And while I may not know my Robert’s Rules of Order, there are other assets I bring that is unique to me as a leader: I’m a big picture thinker, creative, a storyteller, collaborative, and I love to bake.

You Only Have a Year

As moderator, you have a limited  amount of time – two years if you count your year as Vice-Moderator. During your Vice-Moderatorial year, think about what your year as moderator could be like, should be like, and want to be like. Choose what you would want to focus on. Make it match what unique skill, gift you have to offer. For me, I knew that if I was going to have to stay for the whole entire meeting that the meeting would have to be one that I would want to be at. No more long hour debates and endless reports. I chose to focus on changing the way our presbytery met. I worked closely with the Meetings Working Group and the planning of worship. At the beginning of the year, I gave plenty of warning and information about moving to a new way of meeting. In May, we began to implement Open Space and gather around tables for discussion before important votes. Here is the video I showed to introduce the upcoming changes:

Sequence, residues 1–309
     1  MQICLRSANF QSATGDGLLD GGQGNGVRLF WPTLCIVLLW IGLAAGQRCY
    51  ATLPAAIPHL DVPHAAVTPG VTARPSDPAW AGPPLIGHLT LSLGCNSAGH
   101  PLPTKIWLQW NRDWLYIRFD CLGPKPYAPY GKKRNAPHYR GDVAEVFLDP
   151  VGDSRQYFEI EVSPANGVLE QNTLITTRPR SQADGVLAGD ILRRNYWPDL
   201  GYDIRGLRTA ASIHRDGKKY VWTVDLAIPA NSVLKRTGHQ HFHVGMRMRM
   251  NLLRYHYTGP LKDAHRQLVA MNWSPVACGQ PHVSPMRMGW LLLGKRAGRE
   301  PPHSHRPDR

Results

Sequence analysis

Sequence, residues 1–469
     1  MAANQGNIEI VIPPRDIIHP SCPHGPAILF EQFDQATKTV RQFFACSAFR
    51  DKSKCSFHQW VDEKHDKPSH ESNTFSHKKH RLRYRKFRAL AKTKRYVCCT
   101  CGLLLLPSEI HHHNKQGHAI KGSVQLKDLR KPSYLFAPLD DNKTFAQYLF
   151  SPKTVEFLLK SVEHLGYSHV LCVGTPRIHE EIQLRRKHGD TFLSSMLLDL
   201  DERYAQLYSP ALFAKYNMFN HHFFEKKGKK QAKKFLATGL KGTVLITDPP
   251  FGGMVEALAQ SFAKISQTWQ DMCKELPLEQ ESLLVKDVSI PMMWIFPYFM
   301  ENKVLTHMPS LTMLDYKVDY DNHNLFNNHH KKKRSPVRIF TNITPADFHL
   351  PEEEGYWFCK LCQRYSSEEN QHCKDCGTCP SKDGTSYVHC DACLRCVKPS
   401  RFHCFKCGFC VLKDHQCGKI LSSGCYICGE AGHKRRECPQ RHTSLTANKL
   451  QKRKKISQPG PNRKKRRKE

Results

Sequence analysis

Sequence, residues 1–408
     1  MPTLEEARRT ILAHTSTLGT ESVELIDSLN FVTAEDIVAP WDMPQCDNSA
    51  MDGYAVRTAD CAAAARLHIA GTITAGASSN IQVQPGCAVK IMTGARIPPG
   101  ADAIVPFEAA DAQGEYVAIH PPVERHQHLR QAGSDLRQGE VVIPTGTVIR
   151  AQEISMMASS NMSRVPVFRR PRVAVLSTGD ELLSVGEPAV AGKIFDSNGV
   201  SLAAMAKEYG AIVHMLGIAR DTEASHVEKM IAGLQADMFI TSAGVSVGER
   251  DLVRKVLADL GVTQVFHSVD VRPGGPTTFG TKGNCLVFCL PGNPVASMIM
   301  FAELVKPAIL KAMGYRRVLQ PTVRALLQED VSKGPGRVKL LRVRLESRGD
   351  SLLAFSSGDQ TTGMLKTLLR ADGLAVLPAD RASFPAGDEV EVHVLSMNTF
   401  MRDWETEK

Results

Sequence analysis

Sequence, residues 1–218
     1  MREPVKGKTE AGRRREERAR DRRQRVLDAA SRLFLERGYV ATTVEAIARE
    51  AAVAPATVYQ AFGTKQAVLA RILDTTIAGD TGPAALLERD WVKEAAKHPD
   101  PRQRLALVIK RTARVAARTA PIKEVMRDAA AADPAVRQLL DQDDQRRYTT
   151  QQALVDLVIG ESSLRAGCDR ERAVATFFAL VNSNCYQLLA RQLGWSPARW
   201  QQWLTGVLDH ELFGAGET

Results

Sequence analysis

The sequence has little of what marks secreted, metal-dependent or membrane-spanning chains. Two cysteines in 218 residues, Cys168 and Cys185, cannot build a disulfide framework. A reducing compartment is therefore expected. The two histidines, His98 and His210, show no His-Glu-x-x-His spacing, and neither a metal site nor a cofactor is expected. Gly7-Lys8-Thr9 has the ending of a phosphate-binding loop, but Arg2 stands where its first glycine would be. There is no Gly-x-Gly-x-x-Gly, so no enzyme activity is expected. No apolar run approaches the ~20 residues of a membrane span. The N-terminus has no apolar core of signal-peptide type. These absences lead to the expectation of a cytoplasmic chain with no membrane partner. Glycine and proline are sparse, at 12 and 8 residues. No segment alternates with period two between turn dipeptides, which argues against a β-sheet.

Have Support

Surround yourself with support, whether it is friends, a spiritual director, or family. You are going to witness and observe behavior from people that will disappoint you, hurt you, frustrate you, and make you shake your head at times. It will wear you down and eat at you if you let it. A month into my year as moderator, I found a small group of leaders in the presbytery that I could confide, commiserate with, and trust. One of the best gifts I received was from the Chair of Council who gave me permission to let go of responsibility to all the weary stuff like gracious dismissal policies so that I could focus my energy on all the positive change that was happening in our presbytery. It also helps to have a fun goal in sight. At the end of my year, I plan to take my family to Disneyland. In the meantime, I eat lots of chocolate.